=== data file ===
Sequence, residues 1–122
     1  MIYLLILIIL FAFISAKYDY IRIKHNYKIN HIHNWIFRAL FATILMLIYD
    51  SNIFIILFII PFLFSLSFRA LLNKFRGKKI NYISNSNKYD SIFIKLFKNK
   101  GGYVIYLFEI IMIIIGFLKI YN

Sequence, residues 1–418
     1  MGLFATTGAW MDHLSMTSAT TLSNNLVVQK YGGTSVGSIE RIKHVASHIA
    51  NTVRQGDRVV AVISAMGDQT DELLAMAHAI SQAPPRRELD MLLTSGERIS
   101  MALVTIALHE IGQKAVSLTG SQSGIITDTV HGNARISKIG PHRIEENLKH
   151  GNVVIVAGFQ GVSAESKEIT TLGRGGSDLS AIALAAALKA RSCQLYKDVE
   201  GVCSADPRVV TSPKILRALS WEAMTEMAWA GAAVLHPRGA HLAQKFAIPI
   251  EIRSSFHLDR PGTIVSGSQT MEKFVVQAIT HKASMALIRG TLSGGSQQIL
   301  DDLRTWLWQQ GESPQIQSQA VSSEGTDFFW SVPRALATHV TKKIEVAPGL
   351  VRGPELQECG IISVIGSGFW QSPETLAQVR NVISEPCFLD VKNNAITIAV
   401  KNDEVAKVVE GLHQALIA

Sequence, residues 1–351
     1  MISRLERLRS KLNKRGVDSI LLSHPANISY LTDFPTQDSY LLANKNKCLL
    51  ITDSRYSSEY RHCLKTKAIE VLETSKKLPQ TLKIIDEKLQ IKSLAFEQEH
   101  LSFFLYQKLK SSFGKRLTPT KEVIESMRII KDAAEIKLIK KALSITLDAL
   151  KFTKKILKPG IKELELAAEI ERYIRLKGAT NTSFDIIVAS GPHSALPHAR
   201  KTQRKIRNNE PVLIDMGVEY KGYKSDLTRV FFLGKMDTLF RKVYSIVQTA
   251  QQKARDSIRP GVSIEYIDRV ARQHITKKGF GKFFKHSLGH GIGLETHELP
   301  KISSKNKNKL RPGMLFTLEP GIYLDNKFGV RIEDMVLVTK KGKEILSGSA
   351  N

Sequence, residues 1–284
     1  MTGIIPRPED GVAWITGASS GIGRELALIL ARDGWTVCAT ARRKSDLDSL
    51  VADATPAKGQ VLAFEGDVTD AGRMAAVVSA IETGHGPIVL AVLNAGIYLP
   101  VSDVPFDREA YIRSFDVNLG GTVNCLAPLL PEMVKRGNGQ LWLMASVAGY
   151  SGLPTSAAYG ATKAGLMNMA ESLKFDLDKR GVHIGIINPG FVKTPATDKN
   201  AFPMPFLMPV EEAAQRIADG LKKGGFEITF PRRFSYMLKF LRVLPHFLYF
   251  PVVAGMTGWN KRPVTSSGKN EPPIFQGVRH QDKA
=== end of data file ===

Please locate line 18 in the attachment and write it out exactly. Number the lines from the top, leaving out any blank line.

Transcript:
   101  LSFFLYQKLK SSFGKRLTPT KEVIESMRII KDAAEIKLIK KALSITLDAL